San Francisco

Tio Giam­bruni

Mills College Art Museum

The basic components of Giam­bruni’s sculpture are solidly blocked-out forms with spikes or tendrils for accent and detail. He controls the volume and space in his pieces by spiraling and con­voluting their masses. Giambruni is work­ing with a biological idea that is sup­posed to be at once fearsome and shel­tering, both predator and hermit. Thus, the sharp extensions balance the inward­turning direction. The simple, rounded shapes give these small pieces bulk and presence which enhances the intended tension without altering its character. Everything in these works functions but the pieces fail to be arresting, largely because Giambruni poses his problem and then proceeds to solve it too effi­ciently. There is too much diligence in his sculpture and not enough vitality.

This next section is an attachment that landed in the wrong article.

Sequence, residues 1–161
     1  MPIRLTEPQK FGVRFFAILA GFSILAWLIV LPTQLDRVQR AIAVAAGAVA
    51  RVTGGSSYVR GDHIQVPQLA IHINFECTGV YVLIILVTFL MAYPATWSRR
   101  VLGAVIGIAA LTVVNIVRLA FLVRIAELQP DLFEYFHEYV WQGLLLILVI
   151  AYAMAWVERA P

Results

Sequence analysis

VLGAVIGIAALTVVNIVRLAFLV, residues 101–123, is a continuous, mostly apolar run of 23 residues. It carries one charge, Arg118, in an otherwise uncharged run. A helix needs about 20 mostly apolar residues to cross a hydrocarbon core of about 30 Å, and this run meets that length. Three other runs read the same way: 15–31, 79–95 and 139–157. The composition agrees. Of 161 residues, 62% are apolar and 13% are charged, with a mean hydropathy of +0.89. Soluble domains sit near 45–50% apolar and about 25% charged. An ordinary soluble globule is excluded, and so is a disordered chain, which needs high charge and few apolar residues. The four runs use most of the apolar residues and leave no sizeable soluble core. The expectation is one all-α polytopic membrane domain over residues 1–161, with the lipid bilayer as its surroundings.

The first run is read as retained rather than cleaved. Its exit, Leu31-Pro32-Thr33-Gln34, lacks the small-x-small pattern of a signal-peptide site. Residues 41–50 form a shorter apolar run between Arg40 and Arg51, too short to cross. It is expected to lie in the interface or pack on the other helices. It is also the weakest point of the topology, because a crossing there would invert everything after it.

Jo­anna C. Magloff